Richard’s medals: Image kindly supplied by Desmond Burton.

The Canadian Memorial Cross. Image kindly supplied by Desmond Burton.

After Richard’s mother Sarah died in January 1929 (his father had died in 1920), the medals needed a new home, and were passed on to his younger brother Eric and Eric’s wife Hannah. We know this because Eric and Hannah’s daughter, Sally Peltier, who sadly passed away in February 2021 in Belize, could remember very clearly seeing and handling them. At some stage, but probably after Eric died in 1973, Hannah decided that the medals should go to the family of Richard’s youngest brother Bernard. Her reasoning was that the elder of Bernard and Mildred’s two sons, born in 1923, was entitled to them because he had been named Richard Meanley in memory of the war victim. Sally was clearly very unhappy about this, and her fears were later well justified. She wrote to me in August 2020: I was just so annoyed that my mother wanted to send them to Dickie Anson; I knew none of them would care about them but she insisted that Richard Anson should have Richard Anson’s medals.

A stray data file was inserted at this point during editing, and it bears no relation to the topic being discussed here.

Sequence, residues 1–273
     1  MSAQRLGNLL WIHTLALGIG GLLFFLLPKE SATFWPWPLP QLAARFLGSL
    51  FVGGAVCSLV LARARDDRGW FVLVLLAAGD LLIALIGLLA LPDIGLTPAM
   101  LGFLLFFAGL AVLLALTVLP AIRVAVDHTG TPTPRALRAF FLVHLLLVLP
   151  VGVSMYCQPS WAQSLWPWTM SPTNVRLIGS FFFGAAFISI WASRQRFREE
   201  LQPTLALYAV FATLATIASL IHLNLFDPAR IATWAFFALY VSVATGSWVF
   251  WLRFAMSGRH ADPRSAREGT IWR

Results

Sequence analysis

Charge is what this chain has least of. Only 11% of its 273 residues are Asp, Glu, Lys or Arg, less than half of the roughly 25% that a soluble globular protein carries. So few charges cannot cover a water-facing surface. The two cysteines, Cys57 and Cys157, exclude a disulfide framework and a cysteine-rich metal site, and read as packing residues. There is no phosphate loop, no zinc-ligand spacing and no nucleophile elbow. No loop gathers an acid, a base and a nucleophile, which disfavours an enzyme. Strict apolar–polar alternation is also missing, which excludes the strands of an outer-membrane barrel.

In 1966 Mildred’s husband Bernard died, leaving her and their two sons. The elder son predeceased his mother, passing away in 1994, leaving the younger son Robert and Robert’s two daughters as, we presume, the last of the line. The medals, it seems, remained with Mildred and were never passed on to Robert, who died in 2017.